Second, it causes the erosion of talent from state-run banks to private and foreign rivals. This is more evident among the young officers handling specialist operations. There has been an exodus at the junior level mainly on account of the much attractive packages offered by private banks.
Earlier, a government bank job offered security almost unequivocally and that outweighed the concerns of poor compensation. But it doesn’t work much now, especially since the compensation gap with private sector has widened in the recent years.
Recently, an RBI panel, which looked at the performance of state-run banks had warned about an “erosion of specialist skills” due to “significant and widening compensation differences with private sector banks”. Noting this as constraining the ability of government-controlled lenders to compete for market share and profits, the panel said it could contribute to a sharp fall in the market share of state-run banks to 10 percent by 2025 from 73 percent in 2013.
To understand the vast differences in the compensation structure, one just needs to take a look at the comparison of the compensation figures of chief executive officers in some of the private and public banks.
The chief of State Bank of India (SBI) earned an annual compensation of Rs 23.01 lakh in 2012-13, while the head of ICICI Bank, SBI’s nearest competitor, took home Rs 5.2 crore in 2013-14. SBI chairman’s annual compensation figure for fiscal year 2014 isn’t available yet. Remember, total assets of SBI, as at end September, stood at Rs 18.74 lakh crore , whereas that of ICICI bank was at Rs 6.11 lakh crore.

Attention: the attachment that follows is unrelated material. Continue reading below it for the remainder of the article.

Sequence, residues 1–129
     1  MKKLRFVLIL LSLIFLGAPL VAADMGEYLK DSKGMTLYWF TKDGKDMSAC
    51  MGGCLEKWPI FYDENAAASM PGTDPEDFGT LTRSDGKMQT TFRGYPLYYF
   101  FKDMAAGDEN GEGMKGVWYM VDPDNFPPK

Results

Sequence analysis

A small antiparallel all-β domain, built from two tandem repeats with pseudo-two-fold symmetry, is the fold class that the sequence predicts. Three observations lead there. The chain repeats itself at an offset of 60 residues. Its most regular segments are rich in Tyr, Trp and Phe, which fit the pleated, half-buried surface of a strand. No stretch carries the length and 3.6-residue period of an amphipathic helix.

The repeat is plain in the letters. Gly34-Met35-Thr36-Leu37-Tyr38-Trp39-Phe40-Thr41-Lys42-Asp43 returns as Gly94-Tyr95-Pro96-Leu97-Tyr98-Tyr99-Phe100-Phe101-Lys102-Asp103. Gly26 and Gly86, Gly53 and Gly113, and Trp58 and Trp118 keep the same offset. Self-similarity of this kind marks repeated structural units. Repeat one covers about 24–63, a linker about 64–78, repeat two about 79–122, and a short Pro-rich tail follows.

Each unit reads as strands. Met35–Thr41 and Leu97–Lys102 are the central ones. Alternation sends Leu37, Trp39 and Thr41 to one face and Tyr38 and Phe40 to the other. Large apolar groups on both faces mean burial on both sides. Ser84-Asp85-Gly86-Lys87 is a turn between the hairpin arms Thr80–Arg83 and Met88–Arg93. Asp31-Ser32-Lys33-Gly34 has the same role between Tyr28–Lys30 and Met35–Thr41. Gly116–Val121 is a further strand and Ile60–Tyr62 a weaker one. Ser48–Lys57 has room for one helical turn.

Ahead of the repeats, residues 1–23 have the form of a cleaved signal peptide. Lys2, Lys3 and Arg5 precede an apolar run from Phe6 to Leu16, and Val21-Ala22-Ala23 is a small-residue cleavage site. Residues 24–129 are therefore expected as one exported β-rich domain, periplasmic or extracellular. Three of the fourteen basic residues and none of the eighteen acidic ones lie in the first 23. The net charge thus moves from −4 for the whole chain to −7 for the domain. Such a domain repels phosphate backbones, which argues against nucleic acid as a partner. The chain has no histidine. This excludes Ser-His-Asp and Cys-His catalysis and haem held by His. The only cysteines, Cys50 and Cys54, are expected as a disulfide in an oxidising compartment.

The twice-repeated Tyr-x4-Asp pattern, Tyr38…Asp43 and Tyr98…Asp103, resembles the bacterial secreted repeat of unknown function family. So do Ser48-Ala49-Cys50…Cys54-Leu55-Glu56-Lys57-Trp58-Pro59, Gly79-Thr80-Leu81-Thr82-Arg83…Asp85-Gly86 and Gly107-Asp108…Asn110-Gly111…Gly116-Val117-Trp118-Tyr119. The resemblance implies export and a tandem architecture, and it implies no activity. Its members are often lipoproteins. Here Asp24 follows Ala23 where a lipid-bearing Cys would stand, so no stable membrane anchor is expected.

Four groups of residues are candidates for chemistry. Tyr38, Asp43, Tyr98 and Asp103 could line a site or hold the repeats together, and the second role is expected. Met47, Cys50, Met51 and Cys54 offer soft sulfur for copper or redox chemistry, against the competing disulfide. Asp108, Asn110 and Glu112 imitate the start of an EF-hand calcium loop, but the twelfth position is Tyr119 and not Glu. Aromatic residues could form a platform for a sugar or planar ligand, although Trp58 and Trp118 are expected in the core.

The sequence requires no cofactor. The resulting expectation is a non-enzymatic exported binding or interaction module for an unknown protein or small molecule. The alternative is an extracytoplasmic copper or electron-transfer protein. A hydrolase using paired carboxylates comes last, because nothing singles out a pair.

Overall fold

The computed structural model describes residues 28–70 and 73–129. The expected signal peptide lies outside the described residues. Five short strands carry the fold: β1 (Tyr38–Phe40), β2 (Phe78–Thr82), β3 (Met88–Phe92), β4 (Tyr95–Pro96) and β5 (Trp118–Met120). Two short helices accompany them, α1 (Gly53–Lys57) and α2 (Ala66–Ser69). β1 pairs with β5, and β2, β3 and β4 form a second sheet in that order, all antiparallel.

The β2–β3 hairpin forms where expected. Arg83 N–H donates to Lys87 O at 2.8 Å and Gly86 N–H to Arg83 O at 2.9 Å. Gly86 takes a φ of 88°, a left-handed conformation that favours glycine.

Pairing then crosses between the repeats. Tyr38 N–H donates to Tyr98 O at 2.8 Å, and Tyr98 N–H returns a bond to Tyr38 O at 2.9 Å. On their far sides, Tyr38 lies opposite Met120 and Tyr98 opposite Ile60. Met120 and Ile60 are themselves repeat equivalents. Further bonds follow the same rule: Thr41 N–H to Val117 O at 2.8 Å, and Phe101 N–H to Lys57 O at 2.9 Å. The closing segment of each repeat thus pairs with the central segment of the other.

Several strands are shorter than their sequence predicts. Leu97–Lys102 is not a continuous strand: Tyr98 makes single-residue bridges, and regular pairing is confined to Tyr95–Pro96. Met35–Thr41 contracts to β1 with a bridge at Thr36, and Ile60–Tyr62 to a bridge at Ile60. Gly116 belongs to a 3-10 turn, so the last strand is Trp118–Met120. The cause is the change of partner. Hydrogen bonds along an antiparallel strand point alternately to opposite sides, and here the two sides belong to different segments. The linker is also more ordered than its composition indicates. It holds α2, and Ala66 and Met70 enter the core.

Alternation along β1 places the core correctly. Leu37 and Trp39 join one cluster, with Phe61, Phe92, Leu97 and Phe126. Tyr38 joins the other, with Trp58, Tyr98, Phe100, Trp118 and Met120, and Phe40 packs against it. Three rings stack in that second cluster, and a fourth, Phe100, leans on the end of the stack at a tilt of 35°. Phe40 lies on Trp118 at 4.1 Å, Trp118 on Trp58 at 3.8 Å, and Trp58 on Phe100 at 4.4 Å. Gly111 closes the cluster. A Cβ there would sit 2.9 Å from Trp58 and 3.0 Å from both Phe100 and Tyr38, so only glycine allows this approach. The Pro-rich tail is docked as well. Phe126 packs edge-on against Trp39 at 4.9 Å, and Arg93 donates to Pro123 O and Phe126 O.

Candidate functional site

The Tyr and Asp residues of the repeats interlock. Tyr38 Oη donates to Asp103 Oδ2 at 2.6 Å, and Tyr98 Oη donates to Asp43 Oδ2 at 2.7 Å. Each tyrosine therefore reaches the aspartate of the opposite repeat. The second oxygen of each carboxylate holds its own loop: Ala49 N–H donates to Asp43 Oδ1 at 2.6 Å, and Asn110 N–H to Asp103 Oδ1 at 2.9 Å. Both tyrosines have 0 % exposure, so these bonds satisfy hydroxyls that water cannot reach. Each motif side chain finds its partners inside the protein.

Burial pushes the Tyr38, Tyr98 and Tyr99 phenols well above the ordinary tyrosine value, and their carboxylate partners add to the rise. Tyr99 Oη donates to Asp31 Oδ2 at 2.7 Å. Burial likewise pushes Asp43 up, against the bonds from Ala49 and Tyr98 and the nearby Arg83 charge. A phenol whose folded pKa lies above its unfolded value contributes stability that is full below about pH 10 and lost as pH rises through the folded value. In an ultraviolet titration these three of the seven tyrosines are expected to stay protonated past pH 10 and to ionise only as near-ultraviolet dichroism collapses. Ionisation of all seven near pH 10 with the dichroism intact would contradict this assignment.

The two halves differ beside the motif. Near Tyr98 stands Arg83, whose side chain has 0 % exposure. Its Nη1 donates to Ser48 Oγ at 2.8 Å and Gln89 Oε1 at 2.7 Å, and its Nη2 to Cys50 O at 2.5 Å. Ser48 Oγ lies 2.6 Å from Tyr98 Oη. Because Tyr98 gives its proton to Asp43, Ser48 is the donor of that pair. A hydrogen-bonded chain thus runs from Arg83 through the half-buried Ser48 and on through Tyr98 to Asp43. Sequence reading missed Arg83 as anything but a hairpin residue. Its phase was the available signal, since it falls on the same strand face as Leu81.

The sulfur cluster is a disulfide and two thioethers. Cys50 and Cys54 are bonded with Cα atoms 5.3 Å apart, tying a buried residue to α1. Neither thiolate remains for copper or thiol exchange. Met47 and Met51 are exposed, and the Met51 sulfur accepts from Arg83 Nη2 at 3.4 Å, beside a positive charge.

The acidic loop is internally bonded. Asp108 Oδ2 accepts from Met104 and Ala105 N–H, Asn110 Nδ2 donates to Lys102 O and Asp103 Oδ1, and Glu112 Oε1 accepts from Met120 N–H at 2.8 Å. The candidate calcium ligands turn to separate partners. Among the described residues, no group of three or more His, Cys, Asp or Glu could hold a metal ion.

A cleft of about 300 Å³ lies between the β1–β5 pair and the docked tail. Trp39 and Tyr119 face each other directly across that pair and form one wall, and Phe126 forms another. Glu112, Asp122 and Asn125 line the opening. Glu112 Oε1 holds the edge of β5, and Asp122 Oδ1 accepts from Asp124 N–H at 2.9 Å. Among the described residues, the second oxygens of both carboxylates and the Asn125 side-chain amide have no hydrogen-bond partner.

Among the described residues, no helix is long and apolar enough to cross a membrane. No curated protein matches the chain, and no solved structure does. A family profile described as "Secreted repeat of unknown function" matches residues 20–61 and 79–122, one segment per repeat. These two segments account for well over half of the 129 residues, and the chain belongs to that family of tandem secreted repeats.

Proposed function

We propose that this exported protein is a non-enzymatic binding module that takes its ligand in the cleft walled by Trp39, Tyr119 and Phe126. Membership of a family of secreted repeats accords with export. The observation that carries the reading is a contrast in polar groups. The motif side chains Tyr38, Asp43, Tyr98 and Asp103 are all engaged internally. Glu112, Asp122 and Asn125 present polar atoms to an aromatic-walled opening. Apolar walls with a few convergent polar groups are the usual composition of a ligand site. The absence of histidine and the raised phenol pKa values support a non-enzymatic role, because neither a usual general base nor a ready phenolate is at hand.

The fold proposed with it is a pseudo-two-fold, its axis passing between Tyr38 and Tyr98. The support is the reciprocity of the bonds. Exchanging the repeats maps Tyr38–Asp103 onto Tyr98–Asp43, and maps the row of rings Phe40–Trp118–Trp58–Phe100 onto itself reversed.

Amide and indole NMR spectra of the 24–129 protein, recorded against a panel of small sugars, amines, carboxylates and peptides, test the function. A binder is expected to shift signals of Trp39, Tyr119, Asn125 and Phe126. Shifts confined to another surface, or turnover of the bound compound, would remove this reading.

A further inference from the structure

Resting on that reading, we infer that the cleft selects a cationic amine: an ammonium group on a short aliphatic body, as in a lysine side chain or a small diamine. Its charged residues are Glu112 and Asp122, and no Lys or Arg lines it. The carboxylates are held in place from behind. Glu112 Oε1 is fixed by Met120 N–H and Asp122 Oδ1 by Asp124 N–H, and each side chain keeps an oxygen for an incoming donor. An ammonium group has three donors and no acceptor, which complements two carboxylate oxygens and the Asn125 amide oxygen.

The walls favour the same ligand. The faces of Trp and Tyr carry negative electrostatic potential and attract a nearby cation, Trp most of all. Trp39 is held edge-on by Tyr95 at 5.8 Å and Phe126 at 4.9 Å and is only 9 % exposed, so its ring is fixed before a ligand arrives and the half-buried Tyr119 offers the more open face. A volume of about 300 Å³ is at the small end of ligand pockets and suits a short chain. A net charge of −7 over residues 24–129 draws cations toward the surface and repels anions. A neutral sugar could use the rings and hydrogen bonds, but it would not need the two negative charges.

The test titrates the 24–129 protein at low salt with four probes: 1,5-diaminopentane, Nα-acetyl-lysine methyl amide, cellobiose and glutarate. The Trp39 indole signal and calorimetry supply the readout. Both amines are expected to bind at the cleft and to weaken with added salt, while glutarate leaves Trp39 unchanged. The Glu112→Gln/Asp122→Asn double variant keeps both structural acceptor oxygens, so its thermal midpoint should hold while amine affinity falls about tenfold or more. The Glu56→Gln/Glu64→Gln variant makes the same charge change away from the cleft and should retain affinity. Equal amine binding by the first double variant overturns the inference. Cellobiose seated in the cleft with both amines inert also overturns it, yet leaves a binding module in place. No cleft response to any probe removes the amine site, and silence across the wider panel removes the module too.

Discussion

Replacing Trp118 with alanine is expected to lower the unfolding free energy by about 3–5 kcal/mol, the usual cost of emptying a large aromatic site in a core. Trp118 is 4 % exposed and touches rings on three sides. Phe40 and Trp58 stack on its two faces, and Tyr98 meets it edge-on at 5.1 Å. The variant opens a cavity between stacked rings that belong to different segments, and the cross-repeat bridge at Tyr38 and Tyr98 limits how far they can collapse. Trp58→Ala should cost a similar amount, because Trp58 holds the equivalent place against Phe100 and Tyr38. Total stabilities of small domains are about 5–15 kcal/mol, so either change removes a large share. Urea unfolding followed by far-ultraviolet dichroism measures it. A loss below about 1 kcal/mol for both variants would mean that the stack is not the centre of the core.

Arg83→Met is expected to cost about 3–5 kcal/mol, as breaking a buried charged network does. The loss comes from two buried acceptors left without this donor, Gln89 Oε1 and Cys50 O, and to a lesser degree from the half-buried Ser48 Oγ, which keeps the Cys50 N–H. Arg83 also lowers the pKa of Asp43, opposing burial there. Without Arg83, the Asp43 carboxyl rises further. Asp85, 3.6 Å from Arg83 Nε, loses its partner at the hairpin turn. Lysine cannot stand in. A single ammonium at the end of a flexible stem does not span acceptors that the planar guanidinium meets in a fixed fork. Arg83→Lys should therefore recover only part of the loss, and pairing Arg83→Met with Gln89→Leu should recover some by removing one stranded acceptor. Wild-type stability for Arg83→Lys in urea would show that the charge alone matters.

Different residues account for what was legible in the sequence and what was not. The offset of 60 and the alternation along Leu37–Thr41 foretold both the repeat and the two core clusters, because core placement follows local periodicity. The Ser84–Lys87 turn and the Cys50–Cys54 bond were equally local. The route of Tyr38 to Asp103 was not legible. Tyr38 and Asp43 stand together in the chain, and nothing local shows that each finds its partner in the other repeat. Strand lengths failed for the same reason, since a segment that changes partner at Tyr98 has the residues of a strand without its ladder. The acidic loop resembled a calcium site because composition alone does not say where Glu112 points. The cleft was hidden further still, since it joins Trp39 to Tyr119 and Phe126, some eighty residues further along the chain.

Similarly, the compensation for the chief of HDFC Bank in 2013-14 stood at Rs 6 crore, while that of the chairman of Bank of Baroda was just over Rs 25 lakh.
Interestingly, even the chief of microlender, SKS Microfinance, took home Rs 1.6 crore in 2013-14 as his annual pay — nearly eight times the chairman of Bank of India earned. Chiefs of state-run banks also earn other perks — car, residence, driver and a servant, for which the bank will pay, but still the difference is huge.